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Neither conservatives nor liberals have focused enough energy on finding ways to encourage fathers to play more positive and supportive roles in their families, a new book maintains.

Published this month by the Families and Work Institute, New Expectations: Community Strategies for Responsible Fatherhood says that the current political debate "absolves most people of any responsibility for fostering responsible fatherhood" by blaming society's ills on either the breakdown of the family or the lack of economic opportunity.

James A. Levine and Edward W. Pitt, the director and associate director of the New York-based research group, set out to show how higher expectations for fathers can benefit children. They cite examples of efforts by schools, social-services agencies, religious groups, and other institutions to prepare men for fatherhood, nurture fathers' interest in their children, and treat them as more than "walking wallets." The book also reviews research on fatherhood and includes a directory of programs and a guide to literature on the topic.

Copies of the book are available for $25.50 each (prepaid, includes shipping) from the Families and Work Institute, 330 Seventh Ave., 14th Floor, New York, N.Y. 10001; (212) 465-2044, ext. 237.

A recent report from the National Center for Restructuring Education, Schools, and Teaching offers a teacher's perspective on collaboration.

The report profiles the experiences of four teachers, three from New York City and one from Colorado Springs, Colo., as they work with colleagues, students, and community members. It examines the conflicts and disagreements that arose, the obstacles and requirements that worked against their collaborative efforts, the skills the teachers learned, and the positive changes that took place in their attitudes.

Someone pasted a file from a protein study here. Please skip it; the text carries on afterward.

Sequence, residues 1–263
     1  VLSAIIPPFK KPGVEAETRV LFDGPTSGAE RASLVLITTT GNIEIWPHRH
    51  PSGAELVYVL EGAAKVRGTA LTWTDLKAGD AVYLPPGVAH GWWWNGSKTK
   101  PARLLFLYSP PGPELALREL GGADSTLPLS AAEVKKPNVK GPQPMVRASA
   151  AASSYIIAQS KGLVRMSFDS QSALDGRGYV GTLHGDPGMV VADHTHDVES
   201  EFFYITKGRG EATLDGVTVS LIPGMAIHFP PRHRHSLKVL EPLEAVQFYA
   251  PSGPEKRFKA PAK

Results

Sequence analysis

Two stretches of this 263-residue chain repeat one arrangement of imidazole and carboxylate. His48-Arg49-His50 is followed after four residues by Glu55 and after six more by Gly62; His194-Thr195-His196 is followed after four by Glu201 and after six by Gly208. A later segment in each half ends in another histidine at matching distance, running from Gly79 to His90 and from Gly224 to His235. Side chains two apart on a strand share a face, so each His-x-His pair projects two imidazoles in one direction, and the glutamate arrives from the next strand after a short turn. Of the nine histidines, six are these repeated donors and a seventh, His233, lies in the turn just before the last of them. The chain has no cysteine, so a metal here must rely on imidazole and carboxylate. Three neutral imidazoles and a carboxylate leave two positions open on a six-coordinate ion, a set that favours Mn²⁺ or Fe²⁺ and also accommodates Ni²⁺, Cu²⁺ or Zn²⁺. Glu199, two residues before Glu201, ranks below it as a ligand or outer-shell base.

Copies of the report, "Collaboration: Looking Beneath the Surface," are available for $8 each from NCREST, Box 110, Teachers College, Columbia University, New York, N.Y. 10027.

People who want to know more about what school psychologists do--and how they do it--can find out in a resource guide from the National Association of School Psychologists. The publication catalogs how various states use psychologists to help students learn, teachers teach, schools become more responsive to families, and districts discipline students. Many of the examples involve teamwork with other school support staff and community groups.

Copies of "School Psychologists: Helping Educate All Children" are available for $5 each from Victoria Stanhope, NASP, 4340 East West Highway, Suite 402, Bethesda, Md. 20814.

--Deborah L. Cohen <

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